To say that the election of 2016 was a disappointment for me is a huge understatement. 

I need cheering up, and my favorite coping mechanism is: eating. Mostly potatoes. So one night I had two baked potatoes for dinner.

But now I need real, actual food, a regular dinner entree. Something more substantial and also comforting. 

Pasta! 

With red sauce. AND smokey with (I use Jack's Gourmet Facon) bacon and (I used Jack's Gourmet Sweet Italian Beef Sausage) sausage. And a little gentle (chili pepper) heat.

Bucatini Amatriciana!

Yum.

Celebration-worthy.

Kosher Pasta Amatriciana

  • 4 ounces kosher beef or lamb bacon, chopped
  • 3 ounces kosher Italian style sausage, diced
  • 2 ounces olive oil
  • 1 medium onion, chopped
  • 1 large clove garlic, chopped
  • 3 pounds tomatoes, chopped (or use canned tomatoes)
  • 2 tablespoons fresh chopped parsley
  • 1/2 teaspoon crushed red pepper
  • 1 pound cooked bucatini

Cook the bacon in a large saucepan over low-medium heat until lightly crispy. Add the sausage and cook for another 2-3 minutes or until the meats are browned. Remove the meats with a slotted spoon and set aside. Pour the olive oil into the pan. Add the onion and cook for 2-3 minutes or until slightly softened. Add the garlic, cook briefly, then add the tomatoes, parsley and red pepper. Return the bacon and sausage to the sauce. Simmer for about 20 minutes. Pour over the pasta, toss and serve.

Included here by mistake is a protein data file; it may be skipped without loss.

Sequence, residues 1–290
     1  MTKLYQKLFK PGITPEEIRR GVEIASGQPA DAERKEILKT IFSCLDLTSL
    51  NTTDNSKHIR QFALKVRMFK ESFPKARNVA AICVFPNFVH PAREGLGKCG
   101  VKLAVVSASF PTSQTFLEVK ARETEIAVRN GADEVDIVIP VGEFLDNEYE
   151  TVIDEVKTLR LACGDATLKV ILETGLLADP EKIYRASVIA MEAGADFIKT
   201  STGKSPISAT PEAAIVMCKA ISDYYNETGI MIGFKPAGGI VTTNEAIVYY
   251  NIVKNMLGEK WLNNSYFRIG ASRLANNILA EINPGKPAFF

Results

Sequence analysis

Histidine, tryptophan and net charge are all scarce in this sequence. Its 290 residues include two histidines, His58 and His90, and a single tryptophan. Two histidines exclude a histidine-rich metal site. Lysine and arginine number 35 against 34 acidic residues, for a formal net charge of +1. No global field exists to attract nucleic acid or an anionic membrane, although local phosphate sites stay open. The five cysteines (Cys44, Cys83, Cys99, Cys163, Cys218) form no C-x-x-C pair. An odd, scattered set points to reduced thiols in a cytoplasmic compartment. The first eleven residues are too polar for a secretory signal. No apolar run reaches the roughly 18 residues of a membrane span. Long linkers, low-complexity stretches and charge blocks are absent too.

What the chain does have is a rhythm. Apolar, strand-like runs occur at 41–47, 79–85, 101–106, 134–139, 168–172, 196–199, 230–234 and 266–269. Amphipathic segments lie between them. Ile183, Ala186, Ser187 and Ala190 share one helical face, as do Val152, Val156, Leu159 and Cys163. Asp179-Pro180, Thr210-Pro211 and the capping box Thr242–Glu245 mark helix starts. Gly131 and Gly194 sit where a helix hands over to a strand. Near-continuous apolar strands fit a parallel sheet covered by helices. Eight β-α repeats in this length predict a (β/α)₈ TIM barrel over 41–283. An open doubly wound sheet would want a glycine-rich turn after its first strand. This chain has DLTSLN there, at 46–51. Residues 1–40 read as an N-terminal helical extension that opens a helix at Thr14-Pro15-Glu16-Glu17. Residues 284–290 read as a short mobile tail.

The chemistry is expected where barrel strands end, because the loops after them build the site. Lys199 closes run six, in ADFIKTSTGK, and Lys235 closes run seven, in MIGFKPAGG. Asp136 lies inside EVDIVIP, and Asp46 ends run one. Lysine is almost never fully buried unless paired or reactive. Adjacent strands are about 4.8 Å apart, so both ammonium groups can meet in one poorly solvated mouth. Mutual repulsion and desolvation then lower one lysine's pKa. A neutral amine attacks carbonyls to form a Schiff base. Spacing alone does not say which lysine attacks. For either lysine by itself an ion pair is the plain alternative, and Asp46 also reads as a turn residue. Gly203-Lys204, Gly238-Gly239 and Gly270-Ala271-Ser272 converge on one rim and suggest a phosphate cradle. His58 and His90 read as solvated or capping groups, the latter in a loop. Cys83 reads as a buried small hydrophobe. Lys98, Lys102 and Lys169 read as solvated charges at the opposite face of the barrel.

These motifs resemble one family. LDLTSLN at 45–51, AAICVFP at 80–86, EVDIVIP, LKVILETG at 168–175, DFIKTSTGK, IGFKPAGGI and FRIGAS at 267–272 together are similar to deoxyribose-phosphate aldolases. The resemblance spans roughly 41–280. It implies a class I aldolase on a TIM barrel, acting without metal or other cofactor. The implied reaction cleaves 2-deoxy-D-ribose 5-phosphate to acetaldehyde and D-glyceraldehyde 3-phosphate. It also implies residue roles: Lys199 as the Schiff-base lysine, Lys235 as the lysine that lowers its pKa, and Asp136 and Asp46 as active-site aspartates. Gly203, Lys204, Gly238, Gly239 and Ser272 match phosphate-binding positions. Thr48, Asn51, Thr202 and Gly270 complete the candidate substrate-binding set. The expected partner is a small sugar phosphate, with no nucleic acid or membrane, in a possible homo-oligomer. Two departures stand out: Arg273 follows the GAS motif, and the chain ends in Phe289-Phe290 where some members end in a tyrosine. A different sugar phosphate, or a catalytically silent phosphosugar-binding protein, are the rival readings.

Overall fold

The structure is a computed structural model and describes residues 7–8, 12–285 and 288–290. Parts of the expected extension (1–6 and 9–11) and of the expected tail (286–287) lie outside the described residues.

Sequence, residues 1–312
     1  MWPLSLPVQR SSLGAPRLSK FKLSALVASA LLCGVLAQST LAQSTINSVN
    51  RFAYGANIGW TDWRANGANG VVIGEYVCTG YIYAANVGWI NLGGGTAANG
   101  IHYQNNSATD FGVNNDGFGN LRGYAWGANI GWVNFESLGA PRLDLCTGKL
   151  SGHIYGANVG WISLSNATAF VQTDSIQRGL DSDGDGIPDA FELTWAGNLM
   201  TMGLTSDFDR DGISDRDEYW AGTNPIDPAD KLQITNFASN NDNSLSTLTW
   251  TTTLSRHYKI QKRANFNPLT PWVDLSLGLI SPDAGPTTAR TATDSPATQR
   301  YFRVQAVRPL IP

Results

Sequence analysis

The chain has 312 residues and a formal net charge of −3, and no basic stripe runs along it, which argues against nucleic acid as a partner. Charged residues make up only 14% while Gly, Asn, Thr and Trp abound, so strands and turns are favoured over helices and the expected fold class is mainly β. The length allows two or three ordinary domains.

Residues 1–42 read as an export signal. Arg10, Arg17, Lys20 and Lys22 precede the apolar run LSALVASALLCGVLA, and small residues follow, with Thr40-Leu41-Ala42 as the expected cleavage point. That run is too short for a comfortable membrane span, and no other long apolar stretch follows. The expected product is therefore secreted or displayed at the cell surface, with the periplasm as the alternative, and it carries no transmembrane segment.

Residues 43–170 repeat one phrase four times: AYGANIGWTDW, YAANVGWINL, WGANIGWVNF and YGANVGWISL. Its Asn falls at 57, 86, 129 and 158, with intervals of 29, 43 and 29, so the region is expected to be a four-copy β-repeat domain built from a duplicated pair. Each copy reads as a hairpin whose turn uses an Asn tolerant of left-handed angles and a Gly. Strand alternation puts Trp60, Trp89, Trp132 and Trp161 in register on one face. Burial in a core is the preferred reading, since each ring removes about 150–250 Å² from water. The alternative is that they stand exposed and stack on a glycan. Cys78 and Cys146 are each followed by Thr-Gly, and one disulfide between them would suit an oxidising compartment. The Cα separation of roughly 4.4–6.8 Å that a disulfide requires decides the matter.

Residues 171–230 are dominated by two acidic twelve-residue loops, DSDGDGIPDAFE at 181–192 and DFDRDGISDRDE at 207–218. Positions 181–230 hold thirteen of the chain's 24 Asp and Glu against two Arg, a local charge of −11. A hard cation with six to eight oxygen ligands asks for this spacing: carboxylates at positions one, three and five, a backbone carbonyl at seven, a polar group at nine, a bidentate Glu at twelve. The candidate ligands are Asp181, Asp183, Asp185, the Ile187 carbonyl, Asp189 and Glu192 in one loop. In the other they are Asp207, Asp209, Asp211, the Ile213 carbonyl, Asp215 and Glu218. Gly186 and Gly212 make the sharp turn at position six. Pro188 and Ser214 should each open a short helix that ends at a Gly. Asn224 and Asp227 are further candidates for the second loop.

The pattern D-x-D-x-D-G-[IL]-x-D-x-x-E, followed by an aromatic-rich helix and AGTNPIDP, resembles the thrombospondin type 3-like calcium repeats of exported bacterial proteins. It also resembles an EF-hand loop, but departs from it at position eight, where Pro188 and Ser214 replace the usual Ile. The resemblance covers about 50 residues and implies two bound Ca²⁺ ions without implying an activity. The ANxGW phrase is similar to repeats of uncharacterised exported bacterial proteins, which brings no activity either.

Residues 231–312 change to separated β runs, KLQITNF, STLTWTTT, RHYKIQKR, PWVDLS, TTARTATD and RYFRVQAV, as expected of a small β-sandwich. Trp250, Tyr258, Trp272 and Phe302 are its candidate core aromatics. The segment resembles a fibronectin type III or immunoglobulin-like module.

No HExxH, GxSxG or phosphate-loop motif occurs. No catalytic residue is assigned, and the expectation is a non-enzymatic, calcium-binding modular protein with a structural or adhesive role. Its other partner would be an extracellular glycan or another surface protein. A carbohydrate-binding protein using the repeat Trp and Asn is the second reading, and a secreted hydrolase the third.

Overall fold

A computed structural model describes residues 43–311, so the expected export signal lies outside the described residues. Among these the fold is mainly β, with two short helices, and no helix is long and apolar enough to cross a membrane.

Makes 4 servings

 

Frisee aux Lardons

Kosher Frisee aux Lardons? Sounds like an oxymoron. Because this dish is based on  lardons  !  which are crusty little fried pieces of pork fat. 
 Definitely not kosher. 
 However. Frisee aux Lardons using  Facon  (a new product from  Jack’s Gourmet ) definitely is. 
  No one sent me any free Facon. No one asked me to use it.  
  I just tasted it and knew it was meant for big things.  
  Like this Frisee aux Lardons, which essentially is this lovely, light, springlike salad comprised of cooked bacon, poached egg and a light dressing that uses the rendered meat fat instead of salad oil.  
  Do try it.  
     
  Frisee aux Lardons  
     
  2 heads frisee  
  6-8 ounces Facon, cut up  
  4 poached eggs  
  5 tablespoons white wine vinegar or lemon juice  
  2 teaspoons light brown sugar  
  salt and freshly ground pepper to taste